With an intimidating boss
Depending on the person you’re dealing with, the above advice alone may not do the trick. You can take steps toward reclaiming your power and leveling the playing field by:1.Humanizing your “monster.” Dig beneath the surface.“Being open and authentic to others, and giving them a reason for your actions not only humanizes you but also increases your likeability,” says Flores.She also points out that self-awareness is critical to personal growth, so knowing exactly which of your actions is making others uncomfortable will be worth it in the long run..As a staunch introvert, loud, aggressive, and/or insensitive people always intimidated me (and sometimes they still do). When I to engage them, I’d often lose my train of thought and fumble through my words or simply fade into the background, letting those around me dominate the conversation.I eventually realized that there were two glaring problems with my approach: If you’re feeling intimidated by someone, understand that your fear gives them power over you and allows them to dictate your thoughts, emotions, and actions. Is it their overall demeanor, personality, approach, tone, title/position, education level, financial status, viewpoint, or something else?Feeling misunderstood or a sense of powerlessness can rear its ugly head when someone else unapologetically takes charge of a situation (as I experienced in college in the example above).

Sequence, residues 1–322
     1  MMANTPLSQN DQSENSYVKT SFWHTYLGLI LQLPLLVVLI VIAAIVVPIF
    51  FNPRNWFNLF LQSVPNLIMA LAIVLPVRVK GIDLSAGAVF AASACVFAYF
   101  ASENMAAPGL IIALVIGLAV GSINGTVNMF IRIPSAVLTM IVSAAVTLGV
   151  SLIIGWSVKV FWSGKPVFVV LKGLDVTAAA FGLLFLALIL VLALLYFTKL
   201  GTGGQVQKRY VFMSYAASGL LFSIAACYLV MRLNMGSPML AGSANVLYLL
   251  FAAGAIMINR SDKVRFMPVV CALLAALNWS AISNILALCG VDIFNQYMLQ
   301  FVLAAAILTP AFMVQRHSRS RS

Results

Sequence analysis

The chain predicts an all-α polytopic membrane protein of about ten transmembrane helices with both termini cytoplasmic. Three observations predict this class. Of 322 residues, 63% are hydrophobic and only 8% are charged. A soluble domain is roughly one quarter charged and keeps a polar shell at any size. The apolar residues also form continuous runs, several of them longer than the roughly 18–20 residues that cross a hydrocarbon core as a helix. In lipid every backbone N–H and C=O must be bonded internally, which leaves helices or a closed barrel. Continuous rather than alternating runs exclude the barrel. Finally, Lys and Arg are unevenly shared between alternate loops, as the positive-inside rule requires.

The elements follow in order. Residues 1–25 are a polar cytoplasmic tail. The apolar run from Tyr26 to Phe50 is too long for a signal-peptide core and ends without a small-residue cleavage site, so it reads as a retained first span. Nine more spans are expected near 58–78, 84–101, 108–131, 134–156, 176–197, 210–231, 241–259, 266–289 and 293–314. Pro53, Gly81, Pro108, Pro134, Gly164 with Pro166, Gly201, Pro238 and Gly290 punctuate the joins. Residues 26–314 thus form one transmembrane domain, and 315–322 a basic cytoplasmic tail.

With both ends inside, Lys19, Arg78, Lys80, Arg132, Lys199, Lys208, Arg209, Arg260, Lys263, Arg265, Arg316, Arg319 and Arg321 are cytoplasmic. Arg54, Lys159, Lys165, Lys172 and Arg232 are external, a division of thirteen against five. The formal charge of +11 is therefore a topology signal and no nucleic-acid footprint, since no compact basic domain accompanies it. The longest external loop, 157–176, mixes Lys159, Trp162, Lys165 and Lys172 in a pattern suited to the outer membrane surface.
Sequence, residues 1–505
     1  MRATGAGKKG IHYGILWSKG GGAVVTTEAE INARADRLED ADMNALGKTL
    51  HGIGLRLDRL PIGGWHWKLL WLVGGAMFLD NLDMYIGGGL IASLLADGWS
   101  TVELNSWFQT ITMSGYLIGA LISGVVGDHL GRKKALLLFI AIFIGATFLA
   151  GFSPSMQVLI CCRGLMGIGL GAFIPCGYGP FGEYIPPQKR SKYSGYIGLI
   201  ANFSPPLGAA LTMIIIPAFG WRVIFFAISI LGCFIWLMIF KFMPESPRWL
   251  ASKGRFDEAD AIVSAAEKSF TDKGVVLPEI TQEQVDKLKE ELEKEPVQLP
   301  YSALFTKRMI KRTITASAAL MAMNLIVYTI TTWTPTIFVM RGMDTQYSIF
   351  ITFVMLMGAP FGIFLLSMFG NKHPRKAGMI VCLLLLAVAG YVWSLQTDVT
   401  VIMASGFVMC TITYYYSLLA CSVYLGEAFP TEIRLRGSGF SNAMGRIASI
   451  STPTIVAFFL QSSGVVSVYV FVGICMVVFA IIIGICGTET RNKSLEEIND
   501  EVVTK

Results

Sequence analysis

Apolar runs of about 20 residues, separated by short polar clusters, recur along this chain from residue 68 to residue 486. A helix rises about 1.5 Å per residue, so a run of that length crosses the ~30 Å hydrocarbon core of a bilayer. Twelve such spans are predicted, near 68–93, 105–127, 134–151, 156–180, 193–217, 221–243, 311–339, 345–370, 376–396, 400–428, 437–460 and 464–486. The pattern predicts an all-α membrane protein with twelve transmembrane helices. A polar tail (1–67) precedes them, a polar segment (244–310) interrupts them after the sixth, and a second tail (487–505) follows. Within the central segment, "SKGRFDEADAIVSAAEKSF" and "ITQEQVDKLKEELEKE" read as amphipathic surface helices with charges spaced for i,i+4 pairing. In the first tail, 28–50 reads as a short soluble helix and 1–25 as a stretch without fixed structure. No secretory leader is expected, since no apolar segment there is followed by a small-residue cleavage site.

Learning to speak up for yourself can be an uncomfortable yet absolutely life-changing process for an introvert. When you look inward, challenge the stories you’ve been telling yourself about those who intimidate you, and use your voice, you gain confidence in yourself and your abilities and reclaim your personal power.
Their ability to effortlessly be who they were, speak their truth, and command the crowd only punctuated the fact that I struggled to do so myself.
For example, during my first year in college, I seemingly out of nowhere developed the uncontrollable, nervous habit of repeating the last thing someone had just said in a social setting.
You may find that underneath their scary exterior, there’s a person. Recognize your similarities rather than focusing on your perceived differences.
Also, realize that even the most challenging people are struggling with their own insecurities (which may manifest as aggressiveness or insensitivity).
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What assumptions are you making about them and your relationship? In his book, , Gay Hendricks describes the “zone of genius” as the place where your greatest passion and your innate gifts meet. What unique power and talents do you bring to the table?